Thursday, September 16, 2010

Mobile Twitter.com Versus Standard Twitter.com: A Comparison For JAWS Screen Reader Users

As you may know from my blog post, Tips For Using Twitter.com With JAWS Screen Reader, there are some keyboard accessibility issues with the standard Twitter.com web site that makes it challenging for JAWS screen reader users. I was hoping that the mobile version, located at mobile.twitter.com would solve these issues. But as with most things, the mobile site has strengths and weaknesses. The weaknesses seems to arise from the fact that it was really designed for mobile devices that contain a visual display.

Strengths of mobile.twitter.com

It is easy to reply to or retweet a tweet. Each tweet has a reply and a retweet link following the time the tweet was sent. Activating the reply link takes you to a page where you type in your reply and activate the Reply button. Activating the retweet link takes you to a confirmation page with a Yes or No button that you must activate.
After the retweet link you'll find the favorite link. It isn't possible to mark a tweet as a favorite on the standard Twitter.com site using the keyboard. Here you just activate the link which toggles the tweet between being or not being a favorite. As with the retweet feature, you'll be asked to confirm the favorite action by activating either the Yes or No button on the confirmation page that displays.
To delete your tweet, look for the delete link preceding the favorite link. A confirmation page will display with Yes and No buttons.
It is easier to activate the Following and Followers links because the number follows the word (rather than precedes it as on the standard Twitter.com site). These links appear after the timeline of tweets on the Home page, which is the page that displays when you sign in.
Access keys have been assigned to the links that take you to the Home, Replies,  Favorites and Direct Messages (Inbox) page.
The pages contain fewer links and images. They are structured in a simpler, one-column format. Navigation and form elements are consistently placed. The pages you'll find on the mobile site include: Home, Replies, Favorites, Direct Messages (Inbox), Following, Followers, Find People (includes Browse Interests), Search Results and Profile.

Weaknesses of mobile.twitter.com

The mobile site does not give you access to all of the features found on Twitter.com. Absent are: Settings,  Lists, advanced Find People features, saved searches, Suggestions For You feature and Twitter.com links.
Important image links lack descriptive alt text. In most cases, the image name has simply been used. This is what you'll hear for the links: reply (Ic_reply), retweet (Ic_retweet), favorite - not on (Ic_fave), favorite - currently on (Ic_faveon), delete (Ic_delete), favorites page (Ic_fav-off). In addition, @ is the label for the Replies page and DM is the label for the Direct Messages (Inbox) page. Most form fields are well-labeled.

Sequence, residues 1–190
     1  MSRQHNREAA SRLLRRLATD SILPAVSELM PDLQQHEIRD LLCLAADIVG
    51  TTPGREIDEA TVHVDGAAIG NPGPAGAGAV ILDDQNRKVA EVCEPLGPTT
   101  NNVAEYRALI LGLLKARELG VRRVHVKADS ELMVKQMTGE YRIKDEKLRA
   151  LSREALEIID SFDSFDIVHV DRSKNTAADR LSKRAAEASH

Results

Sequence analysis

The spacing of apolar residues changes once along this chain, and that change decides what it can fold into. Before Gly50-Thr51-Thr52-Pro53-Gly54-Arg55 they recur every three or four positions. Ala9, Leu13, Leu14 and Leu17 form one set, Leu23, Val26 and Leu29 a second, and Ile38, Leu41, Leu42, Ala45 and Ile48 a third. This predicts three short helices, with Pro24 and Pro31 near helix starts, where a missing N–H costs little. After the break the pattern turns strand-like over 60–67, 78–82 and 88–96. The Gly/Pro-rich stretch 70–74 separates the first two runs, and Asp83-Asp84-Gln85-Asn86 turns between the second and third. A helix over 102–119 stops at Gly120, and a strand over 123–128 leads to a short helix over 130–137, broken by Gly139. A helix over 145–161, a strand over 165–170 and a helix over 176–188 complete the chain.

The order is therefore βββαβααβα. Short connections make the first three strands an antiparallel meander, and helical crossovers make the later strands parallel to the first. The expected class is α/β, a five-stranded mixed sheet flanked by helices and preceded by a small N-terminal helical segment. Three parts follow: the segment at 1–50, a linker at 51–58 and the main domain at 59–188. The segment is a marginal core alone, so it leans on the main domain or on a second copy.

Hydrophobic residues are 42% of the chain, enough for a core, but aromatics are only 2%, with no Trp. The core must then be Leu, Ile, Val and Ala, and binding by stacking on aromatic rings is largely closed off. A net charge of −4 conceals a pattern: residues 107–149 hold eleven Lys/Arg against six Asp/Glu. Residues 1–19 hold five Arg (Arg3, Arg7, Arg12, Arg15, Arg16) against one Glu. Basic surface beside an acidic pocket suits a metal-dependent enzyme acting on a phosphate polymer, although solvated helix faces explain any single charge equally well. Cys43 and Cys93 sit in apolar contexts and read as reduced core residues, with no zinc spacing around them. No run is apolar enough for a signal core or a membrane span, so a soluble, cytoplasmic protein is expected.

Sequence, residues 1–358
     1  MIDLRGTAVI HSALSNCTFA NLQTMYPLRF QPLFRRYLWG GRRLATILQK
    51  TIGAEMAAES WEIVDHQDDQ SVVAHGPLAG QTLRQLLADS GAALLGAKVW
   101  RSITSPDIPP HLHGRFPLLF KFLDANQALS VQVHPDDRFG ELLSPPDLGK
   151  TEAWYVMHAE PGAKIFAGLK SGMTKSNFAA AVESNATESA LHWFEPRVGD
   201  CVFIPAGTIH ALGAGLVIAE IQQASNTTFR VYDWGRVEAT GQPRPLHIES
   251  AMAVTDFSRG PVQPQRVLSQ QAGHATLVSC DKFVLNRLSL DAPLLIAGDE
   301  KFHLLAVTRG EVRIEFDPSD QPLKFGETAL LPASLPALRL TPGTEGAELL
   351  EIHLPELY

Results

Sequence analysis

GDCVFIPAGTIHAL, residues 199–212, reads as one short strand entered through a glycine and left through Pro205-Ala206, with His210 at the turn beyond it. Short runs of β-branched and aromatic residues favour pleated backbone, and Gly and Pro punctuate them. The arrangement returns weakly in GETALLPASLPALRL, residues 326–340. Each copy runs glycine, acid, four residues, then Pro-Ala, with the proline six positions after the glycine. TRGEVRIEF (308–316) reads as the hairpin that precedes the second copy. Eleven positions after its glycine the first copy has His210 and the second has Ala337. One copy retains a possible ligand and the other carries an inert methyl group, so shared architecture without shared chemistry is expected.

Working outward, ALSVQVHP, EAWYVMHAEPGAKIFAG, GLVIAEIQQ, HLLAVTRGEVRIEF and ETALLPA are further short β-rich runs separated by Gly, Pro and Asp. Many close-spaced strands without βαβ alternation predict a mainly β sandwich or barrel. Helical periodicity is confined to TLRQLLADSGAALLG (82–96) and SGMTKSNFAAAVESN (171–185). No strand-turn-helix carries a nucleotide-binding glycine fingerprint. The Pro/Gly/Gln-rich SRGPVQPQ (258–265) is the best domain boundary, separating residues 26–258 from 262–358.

It is more difficult to determine if you've exceeded the 140 character maximum for a message. On Twitter.com, you can up arrow from the message edit box to hear the characters remaining. The mobile site does not tell you how many characters are remaining as you compose your message. If the message is within the limit, activating the Tweet button will send the tweet. Otherwise, an error page displays with a "Tweet not sent — It's too long" message at the top. The keyboard focus is in the edit box containing your message. Below that is the Resend button. Following that is the text, "Where your Tweet went over:"; beneath that you'll find your message with the portion that exceeds 140 characters in strikethru font style. So you could use your JAWS reading keys to move to approximately where you think the message went over, and use the JAWS say font characteristics command (Insert F) to hear if the current character has strikethru style applied.
The pages contain less structure which makes direct navigation mostly impossible. You can use link or form element navigation to skip over content if you don't want to read the entire page. But there are no headings, lists or tables as found on the standard site. Keep in mind that each tweet will have at least 5 links associated with it (username Home, time, reply, retweet, favorite) and each username search result will have at least 3 (username Home, latest tweet time, Follow button).
When sending a direct message, the combo box of your "follower usernames" only contains the most recent three that you messaged; all usernames appear in this combo box on the standard site.
Some pages don't contain a link to your home page or the other main pages on the site so you'll need to use the browser's "go back to previous page" command e.g. Alt Left Arrow.
The mobile site has a sign up form but it only has an image CAPTCHA.

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